She was definitely part of our team, was a great team leader, and felt much more like family. 

Image by Elsa Boscarello Photography

Doulas are for Dads, too!

Birth isn’t just hard for the person experiencing it. It is hard for those who are observing it. 

“The average first birth is 24 hours, most births start in the middle of the night. That means that many people miss at least 2 nights of sleep. Even the best support can waiver when it has been two nights going and it’s now 4am and the room is dark and warm, but you just.have.to.stay.awake. It is not realistic to expect someone to be the birthing persons best cheerleader after hospital coffee, granola bars (if you’re lucky), no sleep and physically, mentally, emotionally helping someone through labor, especially since birth happens to be uncharted waters for the majority of you.” – Walton

“So many dads are concerned that hiring a doula will also hire them right into the sidelines. This just isn’t true. A good doula will know exactly how to help a dad that wants to be involved be the closest hand she reaches for. A doula should be able to find ways to bring you closer in your birth experience. We want you to both come out looking/feeling like a hero,” said Walton.

Antepartum (before birth) Support

While in most cases the term “doula,” implies a professional who is present during the birth, there are also doulas who specialize in antepartum (before birth) care. 

Typically most doulas offer prenatal meetings. This gives you and your doula (and your partner) a chance to get to know one another and go over any concerns, fears or thoughts you have. This gives your doula a base to find the best tools and resources to share and put into practice.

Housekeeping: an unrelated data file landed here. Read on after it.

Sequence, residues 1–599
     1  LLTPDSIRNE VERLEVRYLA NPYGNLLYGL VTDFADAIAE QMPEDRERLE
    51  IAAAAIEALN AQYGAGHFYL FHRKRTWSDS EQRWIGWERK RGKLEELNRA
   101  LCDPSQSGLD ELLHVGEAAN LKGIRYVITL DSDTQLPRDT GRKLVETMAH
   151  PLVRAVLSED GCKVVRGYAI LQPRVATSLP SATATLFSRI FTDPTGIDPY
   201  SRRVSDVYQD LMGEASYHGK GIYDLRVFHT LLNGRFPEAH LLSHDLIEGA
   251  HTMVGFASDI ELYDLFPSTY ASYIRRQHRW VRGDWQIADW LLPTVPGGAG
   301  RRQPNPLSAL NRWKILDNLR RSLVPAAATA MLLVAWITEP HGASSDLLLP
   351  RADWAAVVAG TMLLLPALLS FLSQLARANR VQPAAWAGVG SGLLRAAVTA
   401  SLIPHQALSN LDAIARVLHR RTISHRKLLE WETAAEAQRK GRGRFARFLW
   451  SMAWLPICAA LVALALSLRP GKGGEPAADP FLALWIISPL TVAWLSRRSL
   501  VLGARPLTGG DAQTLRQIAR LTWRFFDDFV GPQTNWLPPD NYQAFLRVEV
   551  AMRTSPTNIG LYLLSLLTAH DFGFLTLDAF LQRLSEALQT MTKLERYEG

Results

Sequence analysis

A doula also helps a woman prepare for birth, write a birth plan, review comfort techniques and develop a postpartum plan. Your doula can discuss any worries, fears or concerns you may have leading up to childbirth, and discover ways to release them. 

Always Available

Have I mentioned your doula is there for you?!? (I bet that Friends theme song is still playing in your head).  Your doula will be available for you should any questions or concerns arise. Most doulas are available 24/7 and encourage you to contact them.

Some doulas services include accompanying momma to prenatal visits. This facilitates a relationship prior to birth and builds a team of support. Many people choose to use this option in the event that the birth needs to take a more medicalized route with induction or cesarean.

And when it is “go time” your doula will meet you either at home or in the hospital and will stay with you throughout your labor.

Image by Eden Rose Photography

Everything Happens for a Reason

I had envisioned that my water would break on a warm summer morning and I would labor at home with the support of my husband and doula.  Imagining the breeze blowing through my house as I bounced on my birthing ball. I had planned to dilate to at least 4cm before heading for the hospital.

And imagine my surprise when NONE OF THIS HAPPENED. Expect the unexpected right?

Instead of my summer dream, my doctor decided to induce me because of fluctuating blood pressure. I had just moments to grasp the idea that baby would be here sooner than expected. I was upset and devastated things were not to my plan.

My husband offered great support. But do you know who was able to calm us both down, clearly explain what was about to take place, and help us prepare for this change in a birth plan? My most awesome, amazing, doula!